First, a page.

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Pfizer Shares Surge After Release Of 'Miracle' COVID Pill That Is 89% Effective At Preventing Hospitalization

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by Tyler Durden
Friday, Nov 05, 2021 - 06:11 PM

Thursday was a rough day for Moderna shares after the company released revenue figures and FY guidance that deeply disappointed Wall Street expectations (potentially destroying the reputation of financier Steve Weiss, arguably Moderna's biggest promoter on Wall Street, in the process). But on Friday, Pfizer - Moderna's biggest rival - rubbed Moderna's nose in it by announcing a revolutionary new oral COVID antiviral similar to the Merck 'miracle pill' that won approval from UK regulators yesterday.

The news sent Pfizer's stock surging, while Moderna and Merck shares tumbled, during premarket trade. Pfizer shares were trading up 11%+:

The key takeaway from the Pfizer announcement is this: Pfizer said studies showed its COVID-19 pill reduced hospitalizations and deaths in high-risk patients by 89%. That's even higher than the 50% reduction in hospitalizations and deaths shown by the Merck pill. Again, like Merck, Pfizer said that it was no longer taking new patients in a clinical trial of the treatment "due to the overwhelming efficacy" of the drug, which it now plans to submit its findings to the FDA for emergency authorization (just like Merck is doing). Yesterday, Merck won approval for its new COVID antiviral, molnupiravir, from regulators in the UK, and it's pushing to wrack up as many EUAs as possible from regulators from all over.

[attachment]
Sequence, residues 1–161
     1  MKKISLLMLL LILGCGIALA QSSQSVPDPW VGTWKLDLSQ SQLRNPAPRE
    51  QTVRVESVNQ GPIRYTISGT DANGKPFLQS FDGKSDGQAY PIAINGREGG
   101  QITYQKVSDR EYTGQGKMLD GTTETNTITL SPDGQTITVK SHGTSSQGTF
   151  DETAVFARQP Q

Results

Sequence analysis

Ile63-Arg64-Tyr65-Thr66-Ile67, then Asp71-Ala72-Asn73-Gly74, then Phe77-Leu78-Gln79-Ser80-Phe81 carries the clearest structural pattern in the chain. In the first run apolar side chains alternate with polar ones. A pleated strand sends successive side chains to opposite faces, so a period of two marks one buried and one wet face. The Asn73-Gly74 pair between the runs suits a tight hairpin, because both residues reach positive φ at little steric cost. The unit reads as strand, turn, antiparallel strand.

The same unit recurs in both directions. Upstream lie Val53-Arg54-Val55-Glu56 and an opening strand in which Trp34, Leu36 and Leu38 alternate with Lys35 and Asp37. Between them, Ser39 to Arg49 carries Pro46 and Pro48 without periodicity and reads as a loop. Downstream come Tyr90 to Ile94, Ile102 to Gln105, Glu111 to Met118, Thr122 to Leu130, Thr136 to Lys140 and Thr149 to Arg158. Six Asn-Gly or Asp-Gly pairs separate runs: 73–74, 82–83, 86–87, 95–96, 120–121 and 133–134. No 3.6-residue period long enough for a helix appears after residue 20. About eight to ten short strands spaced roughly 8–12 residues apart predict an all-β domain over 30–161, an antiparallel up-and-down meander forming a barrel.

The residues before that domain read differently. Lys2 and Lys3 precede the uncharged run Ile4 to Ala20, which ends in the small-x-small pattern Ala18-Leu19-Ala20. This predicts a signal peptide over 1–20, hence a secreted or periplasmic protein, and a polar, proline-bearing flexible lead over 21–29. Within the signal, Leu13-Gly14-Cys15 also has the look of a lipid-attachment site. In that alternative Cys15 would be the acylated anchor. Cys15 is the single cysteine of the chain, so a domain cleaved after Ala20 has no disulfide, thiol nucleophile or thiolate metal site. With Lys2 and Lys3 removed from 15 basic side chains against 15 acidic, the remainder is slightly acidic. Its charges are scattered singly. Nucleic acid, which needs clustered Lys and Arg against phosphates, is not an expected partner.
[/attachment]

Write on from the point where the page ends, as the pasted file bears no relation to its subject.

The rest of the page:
Pfizer is already planning to seek approval emergency approval from the US government because, according to the numbers, its drug is even more effective than molnuiravir. According to the headline numbers, Pfizer's new antiviral is even more effective than the rival pill from Merck. Pfizer’s pill, which will be sold under the brand name Paxlovid, cut the risk of hospitalization or death by 89% when taken within three days after symptoms emerge (the number for Merck's drug was it needed to be taken within 5 days of infection).

“The results are really beyond our wildest dreams,” said Annaliesa Anderson, a Pfizer executive who led the drug’s development. She expressed hope that Paxlovid “can have a big impact on helping all our lives go back to normal again and seeing the end of the pandemic.”

It's expected the new drug will be made available in the US at least but in limited quantities at first.

Criticisms have also been made about the cost of molnupiravir, and Pfizer CEO Albert Bourla already affirmed on CNBC that a course of the drug will cost insurers or customers around $700 (though the firm says it intends to sell the drug at a "discounted" prices to "poorer countries".

Per the NYT:

The U.S. government has been in negotiations with Pfizer for enough pills for 1.7 million courses of treatment, with an additional option for 3.3 million, according to a senior administration official. That is about the same quantity that the United States has ordered from Merck. The government expects to pay about $700 per treatment course for both drugs, the official said.

Both the Pfizer and Merck pills are both geared toward patients regarded as high-risk, including those above the age of 60 or with conditions like obesity that make them more susceptible to severe consequences from COVID.

But while experts again touted the drug's safety profile, several scientists have spoken out about potential safety risks tied to molnupiravir, the Merck drug.

Another important question: what does this mean now for President Biden's increasingly coercive vaccine mandate?

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